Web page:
If every person who brought a medical malpractice lawsuit were to have a meritorious claim, then every such plaintiff should win their case (simple norms of compensation and corrective justice would dictate this--uncontroversial stuff). However, if that were to actually be the case, you would likely hear the AMA screaming that the system is stacked against doctors--how can it possibly be a fair system if plaintiffs win every case? Of course, if that weren't the case, if the plaintiffs didn't win every case, according to the premises set out above, that would mean some people, injured by medical malpractice, wouldn't be appropriately compensated--and we can all agree that that's bad, strictly on fairness and corrective justice grounds, as mentioned above. Ergo, it seems actually not so bad that there are non-meritorious claims being brought to trial, so long as tort law is relatively good at weeding those out from the meritorious ones (which it does seem to be: http://content.nejm.org/cgi/content/full/354/19/2024). In that case, non-meritorious claims are not rewarded, because a full airing of the facts finds that they should not be compensated; meritorious claims ARE rewarded; and the system looks fair because it has winners and losers on both sides. Therefore, "loose lawsuits based on nothing" are not only a definitionally-necessary aspect of, well, our entire legal system, but also normatively important to maintain legitimacy. As a more philosophical matter, you're sort of begging the question (in the strict sense, not the loosey-goosey sense of "raising the question"), by calling these "loose lawsuits based on nothing"--the trial and/or the legal system is what is charged with determining whether they are meritorious or not, know what I mean? You can't deny someone the chance to get their claim heard and ruled on by ruling on it in advance and finding it lacking--that's precisely what the court/jury are supposed to do at the thing you're saying they shouldn't be allowed to have. Also, just as a note: the percentage of actual victims of medical malpractice (as determined by an independent panel at a later time) who do go ahead and file lawsuits is shockingly low--something like 12% (http://www.iii.org/media/hottopics/insurance/medicalmal/). Given that statistic, I think it's ridiculously unfair to paint medical malpractice victims (and their attorneys) as uniformly greedy, stupid, and grasping, which I think is too often the portrait. Admittedly, there are cases that aren't meritorious, but I tend to think that A) very few of those claims are brought in bad faith, as a percentage of the whole; and B) the tort law system does seem to do a good job of weeding those out--which is precisely what we say we designed it to do: weed out the undeserving and compensate the deserving.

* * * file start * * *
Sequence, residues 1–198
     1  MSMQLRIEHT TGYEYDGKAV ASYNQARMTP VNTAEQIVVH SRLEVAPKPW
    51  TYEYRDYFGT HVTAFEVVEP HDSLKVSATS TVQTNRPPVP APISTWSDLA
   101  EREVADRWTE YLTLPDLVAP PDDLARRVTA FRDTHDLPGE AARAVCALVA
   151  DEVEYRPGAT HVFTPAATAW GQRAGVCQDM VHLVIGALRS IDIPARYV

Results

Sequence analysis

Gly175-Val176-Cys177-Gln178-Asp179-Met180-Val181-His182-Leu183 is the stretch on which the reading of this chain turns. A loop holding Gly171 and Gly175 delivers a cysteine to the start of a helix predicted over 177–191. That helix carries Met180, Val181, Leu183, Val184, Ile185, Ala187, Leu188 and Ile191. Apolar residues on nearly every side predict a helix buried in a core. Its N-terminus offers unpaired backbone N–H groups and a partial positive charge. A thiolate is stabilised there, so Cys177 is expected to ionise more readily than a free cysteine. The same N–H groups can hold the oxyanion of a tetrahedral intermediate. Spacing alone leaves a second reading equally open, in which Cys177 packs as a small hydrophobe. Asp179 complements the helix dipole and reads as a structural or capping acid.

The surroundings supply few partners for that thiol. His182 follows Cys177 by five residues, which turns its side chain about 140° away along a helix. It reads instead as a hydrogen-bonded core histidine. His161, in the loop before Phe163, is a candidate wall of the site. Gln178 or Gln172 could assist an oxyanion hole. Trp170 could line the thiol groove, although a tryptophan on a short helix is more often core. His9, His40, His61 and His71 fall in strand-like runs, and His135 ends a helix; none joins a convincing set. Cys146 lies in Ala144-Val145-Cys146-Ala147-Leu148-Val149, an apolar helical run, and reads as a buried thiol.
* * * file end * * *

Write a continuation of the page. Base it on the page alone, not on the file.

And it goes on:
So don't be shy, let us know, what kind of law do you want to pursue, and why???
I'm jealous of the courtroom time you'll be getting, is all.
Quote from: Resident CLS Troll on March 03, 2009, 05:02:33 PMI'm jealous of the courtroom time you'll be getting, is all. Myself, I actually do plan to be a public defender.